• cancer of the nose, lip, tongue and mouth
  • possible hearing loss
  • laryngeal and pharyngeal cancers
  • contributes to osteoporosis
  • shortness of breath
  • coughing
  • chronic bronchitis
  • cancer
  • triggering asthma
  • emphysema
  • heart disease
  • blockages in blood supply that can lead to a heart attack
  • high blood pressure (hypertension)
  • myeloid leukaemia, a cancer that affects bone marrow and organs that make blood
  • stomach and bladder cancers
  • stomach ulcers
  • decreased appetite
  • grey appearance
  • early wrinkles
  • slower healing wounds
  • damage to blood vessel walls
  • increased likelihood of back pain
  • increased susceptibility to infection
  • lower fertility and increased risk of miscarriage
  • irregular periods
  • early menopause
  • damaged sperm and reduced sperm
  • impotence.

Other effects of tobacco use

Passive smoking

Passive smoking occurs when a person who is not smoking breathes in the smoke from people who are smoking. Passive smoking can irritate the eyes and nose and cause a number of health problems such as heart disease and lung cancer. Tobacco smoke is especially harmful to babies and young children.

Using tobacco with other drugs

Nicotine can affect the way the body processes many different drugs. This can affect how these drugs work. For example, nicotine can decrease the effectiveness of benzodiazepines. Smoking while taking the contraceptive pill increases the risk of blood clots forming.

Check with your doctor or other health professional whether nicotine might affect any medications you are taking.

Pregnancy and breastfeeding

Read about the effects of tobacco use on pregnancy and breastfeeding

Tolerance and dependence

People who use tobacco regularly tend to develop a tolerance to the effects of nicotine. This means they need to smoke more tobacco to get the same effect.

They may become dependent on nicotine. Dependence can be psychological, physical, or both. People who are dependent on nicotine find that using the drug becomes far more important than other activities in their life. They crave the drug and will find it very difficult to stop using it.

People who are psychologically dependent on nicotine may find they feel an urge to smoke when they are in specific surroundings or socialising with friends.

Physical dependence occurs when a person’s body adapts to the nicotine and gets used to functioning with the nicotine present.

Getting help

For information about quitting smoking, and to access support services, visit Quit Victoria.

Click on the button below to use the Quit Now Calculator to find out how much you could save when you quit smoking.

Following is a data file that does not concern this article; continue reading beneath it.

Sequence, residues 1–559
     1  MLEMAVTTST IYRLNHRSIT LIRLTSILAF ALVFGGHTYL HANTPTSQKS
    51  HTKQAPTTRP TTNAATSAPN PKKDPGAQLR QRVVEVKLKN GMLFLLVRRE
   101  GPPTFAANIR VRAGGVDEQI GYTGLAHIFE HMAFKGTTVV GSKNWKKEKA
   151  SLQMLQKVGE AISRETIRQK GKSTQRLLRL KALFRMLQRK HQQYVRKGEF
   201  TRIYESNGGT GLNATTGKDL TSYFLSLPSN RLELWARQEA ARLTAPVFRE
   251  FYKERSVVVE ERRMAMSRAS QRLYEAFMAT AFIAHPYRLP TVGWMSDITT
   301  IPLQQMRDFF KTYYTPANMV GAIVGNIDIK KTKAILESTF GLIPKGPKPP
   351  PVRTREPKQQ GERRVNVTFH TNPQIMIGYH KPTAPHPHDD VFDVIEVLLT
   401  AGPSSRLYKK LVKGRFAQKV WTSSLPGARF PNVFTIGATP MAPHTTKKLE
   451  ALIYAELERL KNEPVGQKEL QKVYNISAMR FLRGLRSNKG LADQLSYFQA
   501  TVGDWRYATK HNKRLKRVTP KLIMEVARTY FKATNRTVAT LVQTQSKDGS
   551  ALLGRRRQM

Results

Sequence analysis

QuitNow Online Calculator

What to do if you are concerned about someone's tobacco use

If you are concerned about someone else’s tobacco use, there is confidential help available. Contact Quitline or an alcohol and drug information service in your state or territory.

Tobacco use in Australia


According to the 2010 National Drug Strategy Household Survey report, in 2010, 1 in 6 (15.1%) Australians aged over 14 years smoked daily.

For more drug statistics about the use of tobacco in Australia, see our Quick statistics page.

Tobacco and the law

Federal and state laws make it an offence to sell or supply tobacco products to people under 18 years of age. It is also illegal for anyone under 18 years to purchase tobacco products.

There are laws that regulate and restrict how tobacco products are advertised, promoted and packaged.

There are also laws and regulations that restrict smoking in public areas such as shopping centres, cafes and workplaces. Most states and territories have laws that ban smoking in cars with children.

Please note: This information does not constitute legal advice and should not be relied upon in this way. The information is correct at the time of publication. For information specific to your situation contact a legal aid service in your state or territory.

Read more about drugs and the law.

Australia's drug policy

Australia’s national drug policy is based on harm minimisation. Strategies to minimise harm include encouraging people to avoid using a drug through to helping people to reduce the risk of harm if they do use a drug. It aims to reduce all types of drug-related harm to both the individual and the community.


Collins D & Lapsley H 2008 The costs of tobacco, alcohol and illicit drug abuse to Australian society in 2004–05 [PDF: 500KB] (new window), Canberra: Department of Health and Ageing.

Quit Victoria 2010 “Smoking and surgery” at (accessed 22/4/2011).